The Payment Accounts Directive (the Directive) recently came into force and EU member states will have until August 2016 to introduce it into their own domestic legal systems.  Although the Directive only concerns personal accounts held by consumers (so-called ‘Payment Accounts’) and offered by payment service providers (‘PSPs’) such as banks, the Directive is still likely to have far-reaching consequences for both consumers and PSPs.

Key provisions

1. Fees: comparison and clarity

The Directive aims to see standardised wording and terminology used in the most common payment services for which PSPs charge a fee. To achieve this, a list of the 20 most common payment services on offer across the EU as a whole will be prepared; this will be supplemented by guidelines on terms and wording to be used in documentation across all member states.

PSPs will then have to provide details of this list, their fees for the listed services, and a glossary of the EU standard terms, to all consumers before allowing them to open an account.

If a Payment Account is offered as part of a package containing other products, the PSP will have to tell the consumer whether the Payment Account is available as a stand-alone product and provide a breakdown of the separate fees charged for each element of the package.

Consumers will have to be provided with details of at least one accredited fee comparison website operating in their jurisdiction to allow direct comparison of fees and penalties charged by different PSPs.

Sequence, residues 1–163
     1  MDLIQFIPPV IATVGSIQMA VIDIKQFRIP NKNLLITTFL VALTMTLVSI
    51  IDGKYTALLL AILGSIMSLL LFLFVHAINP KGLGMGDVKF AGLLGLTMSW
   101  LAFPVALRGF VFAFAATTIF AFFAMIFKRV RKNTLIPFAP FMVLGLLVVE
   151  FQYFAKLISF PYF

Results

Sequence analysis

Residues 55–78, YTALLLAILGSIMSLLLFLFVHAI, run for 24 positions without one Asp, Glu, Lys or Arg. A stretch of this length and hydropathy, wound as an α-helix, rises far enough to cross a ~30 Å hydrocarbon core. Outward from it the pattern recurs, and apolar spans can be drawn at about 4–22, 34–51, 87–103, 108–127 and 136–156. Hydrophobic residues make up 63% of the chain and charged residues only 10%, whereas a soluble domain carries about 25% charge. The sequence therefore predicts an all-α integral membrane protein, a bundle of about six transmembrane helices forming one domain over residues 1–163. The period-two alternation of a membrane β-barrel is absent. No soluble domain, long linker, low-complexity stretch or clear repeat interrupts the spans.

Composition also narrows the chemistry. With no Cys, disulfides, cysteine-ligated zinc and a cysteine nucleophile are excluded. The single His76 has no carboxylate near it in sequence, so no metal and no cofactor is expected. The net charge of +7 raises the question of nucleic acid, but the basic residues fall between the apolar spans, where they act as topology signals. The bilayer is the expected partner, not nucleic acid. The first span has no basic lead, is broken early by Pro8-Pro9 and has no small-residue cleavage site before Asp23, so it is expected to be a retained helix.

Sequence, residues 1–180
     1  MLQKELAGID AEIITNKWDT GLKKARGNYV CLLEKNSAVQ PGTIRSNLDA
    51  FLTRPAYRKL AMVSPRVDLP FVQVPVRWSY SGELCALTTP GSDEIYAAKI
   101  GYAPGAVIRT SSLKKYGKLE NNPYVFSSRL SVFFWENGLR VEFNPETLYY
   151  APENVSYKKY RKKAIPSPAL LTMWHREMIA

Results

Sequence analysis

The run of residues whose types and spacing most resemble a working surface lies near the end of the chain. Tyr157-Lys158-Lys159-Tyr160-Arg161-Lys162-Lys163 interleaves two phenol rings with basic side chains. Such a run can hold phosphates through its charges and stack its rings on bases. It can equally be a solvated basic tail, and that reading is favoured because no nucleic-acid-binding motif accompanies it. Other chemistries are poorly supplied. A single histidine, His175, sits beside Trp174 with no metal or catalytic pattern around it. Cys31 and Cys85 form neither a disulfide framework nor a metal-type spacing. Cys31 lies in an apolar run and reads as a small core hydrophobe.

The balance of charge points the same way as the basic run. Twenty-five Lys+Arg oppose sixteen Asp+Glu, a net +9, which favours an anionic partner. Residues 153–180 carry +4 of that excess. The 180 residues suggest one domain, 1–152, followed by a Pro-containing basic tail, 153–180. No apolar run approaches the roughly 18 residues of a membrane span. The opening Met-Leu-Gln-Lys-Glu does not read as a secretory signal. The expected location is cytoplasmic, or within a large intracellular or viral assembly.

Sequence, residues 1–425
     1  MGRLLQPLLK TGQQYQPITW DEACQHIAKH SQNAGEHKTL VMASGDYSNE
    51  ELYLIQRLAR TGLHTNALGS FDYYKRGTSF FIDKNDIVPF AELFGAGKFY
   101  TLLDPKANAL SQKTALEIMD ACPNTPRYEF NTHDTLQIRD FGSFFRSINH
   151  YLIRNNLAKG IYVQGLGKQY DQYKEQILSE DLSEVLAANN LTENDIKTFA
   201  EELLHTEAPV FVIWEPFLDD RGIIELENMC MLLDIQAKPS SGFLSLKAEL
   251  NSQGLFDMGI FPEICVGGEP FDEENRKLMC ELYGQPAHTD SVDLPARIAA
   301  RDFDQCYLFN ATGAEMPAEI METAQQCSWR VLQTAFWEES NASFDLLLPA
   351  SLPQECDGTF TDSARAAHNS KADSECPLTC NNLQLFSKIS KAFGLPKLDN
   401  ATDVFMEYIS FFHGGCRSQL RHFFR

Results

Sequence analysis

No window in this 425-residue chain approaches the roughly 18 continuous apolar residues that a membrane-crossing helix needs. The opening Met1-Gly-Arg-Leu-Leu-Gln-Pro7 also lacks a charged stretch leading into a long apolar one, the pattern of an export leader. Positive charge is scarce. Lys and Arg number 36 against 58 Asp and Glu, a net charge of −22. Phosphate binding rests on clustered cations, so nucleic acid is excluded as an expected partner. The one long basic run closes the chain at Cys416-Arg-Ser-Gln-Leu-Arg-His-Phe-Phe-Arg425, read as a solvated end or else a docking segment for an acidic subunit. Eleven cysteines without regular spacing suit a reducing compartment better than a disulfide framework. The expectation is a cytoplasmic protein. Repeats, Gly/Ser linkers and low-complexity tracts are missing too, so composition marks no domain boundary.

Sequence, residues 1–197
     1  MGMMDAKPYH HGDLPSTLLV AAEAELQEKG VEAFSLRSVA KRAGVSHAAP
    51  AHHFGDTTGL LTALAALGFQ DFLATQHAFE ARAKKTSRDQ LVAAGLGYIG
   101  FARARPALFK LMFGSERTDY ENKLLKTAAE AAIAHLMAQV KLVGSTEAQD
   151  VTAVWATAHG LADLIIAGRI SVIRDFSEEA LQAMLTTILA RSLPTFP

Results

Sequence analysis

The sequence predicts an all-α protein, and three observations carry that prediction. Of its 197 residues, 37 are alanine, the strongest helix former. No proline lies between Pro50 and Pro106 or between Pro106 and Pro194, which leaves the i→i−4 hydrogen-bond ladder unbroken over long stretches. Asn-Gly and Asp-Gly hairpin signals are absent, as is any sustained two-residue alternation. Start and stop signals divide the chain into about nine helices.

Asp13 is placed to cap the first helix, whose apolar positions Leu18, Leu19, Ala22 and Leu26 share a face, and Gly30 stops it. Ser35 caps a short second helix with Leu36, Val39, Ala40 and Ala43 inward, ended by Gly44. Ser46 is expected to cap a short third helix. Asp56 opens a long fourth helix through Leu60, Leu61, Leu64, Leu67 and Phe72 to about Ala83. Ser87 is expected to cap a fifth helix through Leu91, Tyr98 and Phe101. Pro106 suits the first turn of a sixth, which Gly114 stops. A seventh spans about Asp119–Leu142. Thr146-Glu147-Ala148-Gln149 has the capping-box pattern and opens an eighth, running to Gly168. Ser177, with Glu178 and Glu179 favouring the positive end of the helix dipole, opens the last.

2. Switching accounts

Following a recent trend towards making it easier for the consumer to switch service provider (for example, switching between utility suppliers), the Directive sets out a similar framework for PSPs.

Where a consumer wishes to switch, the new PSP will be required to instigate the transfer of accounts from the old PSP when required by the consumer. The new PSP will also be obliged to provide details of the new account to any third parties who have been drawing money out of the consumer’s old account through direct debits or standing orders.

The old PSP will not be allowed to charge a fee to the new PSP or the consumer for providing information about the consumer’s account during the switch. The Directive also imposes time limits to complete the transfer – 15 days for switches between PSPs in the same Member State, rising to 30 days if they are in different Member States (in the UK, the Current Account Switch Service in operation since September 2013 aims for a switch period of seven working days).

3. Access to Payment Accounts

The Directive’s third aim is to provide a near-universal right for consumers to access a Basic Payment Account. The credit history or circumstances of the prospective customer cannot be used as a reason for a PSP to refuse to open a Basic Payment Account. Basic Payment Accounts will only need to serve as a basic current account tied to a payment card where money can be paid in and withdrawn (PSPs will be allowed to charge a ‘reasonable fee’ for these services). It will not be a requirement that credit (such as an overdraft) be made available on such an account.

The impact of the Directive

The Directive aims to ensure that anyone living in the EU will have access to a Basic Payment Account (provided that they have not committed fraud or failed anti-money laundering tests).  In addition, it will give them the ability to compare fees and services offered by different PSPs.  However, this is likely to come at the cost of increased complexity for both the consumer and the PSP.   Consumers will be faced with more detailed pre-contract documentation; PSPs will have to incur the financial cost of introducing changes to documents and procedures, together with the increased administrative expense of complying with the new regime.

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This blog is intended only as a synopsis of certain recent developments. If any matter referred to in this blog is sought to be relied upon, further advice should be obtained.